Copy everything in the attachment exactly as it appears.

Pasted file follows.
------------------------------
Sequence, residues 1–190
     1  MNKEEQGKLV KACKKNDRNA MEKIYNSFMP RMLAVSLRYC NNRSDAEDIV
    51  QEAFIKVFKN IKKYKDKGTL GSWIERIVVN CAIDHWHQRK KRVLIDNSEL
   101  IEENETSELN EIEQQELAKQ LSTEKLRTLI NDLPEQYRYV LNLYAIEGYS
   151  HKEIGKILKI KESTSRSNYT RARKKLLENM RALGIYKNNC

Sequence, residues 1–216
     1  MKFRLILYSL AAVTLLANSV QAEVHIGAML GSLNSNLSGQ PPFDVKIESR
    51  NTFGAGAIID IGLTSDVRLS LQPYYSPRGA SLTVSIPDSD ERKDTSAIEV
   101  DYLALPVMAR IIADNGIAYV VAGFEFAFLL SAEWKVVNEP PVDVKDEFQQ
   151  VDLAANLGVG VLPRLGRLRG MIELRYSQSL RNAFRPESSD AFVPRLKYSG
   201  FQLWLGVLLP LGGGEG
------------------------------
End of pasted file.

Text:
Sequence, residues 1–190
     1  MNKEEQGKLV KACKKNDRNA MEKIYNSFMP RMLAVSLRYC NNRSDAEDIV
    51  QEAFIKVFKN IKKYKDKGTL GSWIERIVVN CAIDHWHQRK KRVLIDNSEL
   101  IEENETSELN EIEQQELAKQ LSTEKLRTLI NDLPEQYRYV LNLYAIEGYS
   151  HKEIGKILKI KESTSRSNYT RARKKLLENM RALGIYKNNC

Sequence, residues 1–216
     1  MKFRLILYSL AAVTLLANSV QAEVHIGAML GSLNSNLSGQ PPFDVKIESR
    51  NTFGAGAIID IGLTSDVRLS LQPYYSPRGA SLTVSIPDSD ERKDTSAIEV
   101  DYLALPVMAR IIADNGIAYV VAGFEFAFLL SAEWKVVNEP PVDVKDEFQQ
   151  VDLAANLGVG VLPRLGRLRG MIELRYSQSL RNAFRPESSD AFVPRLKYSG
   201  FQLWLGVLLP LGGGEG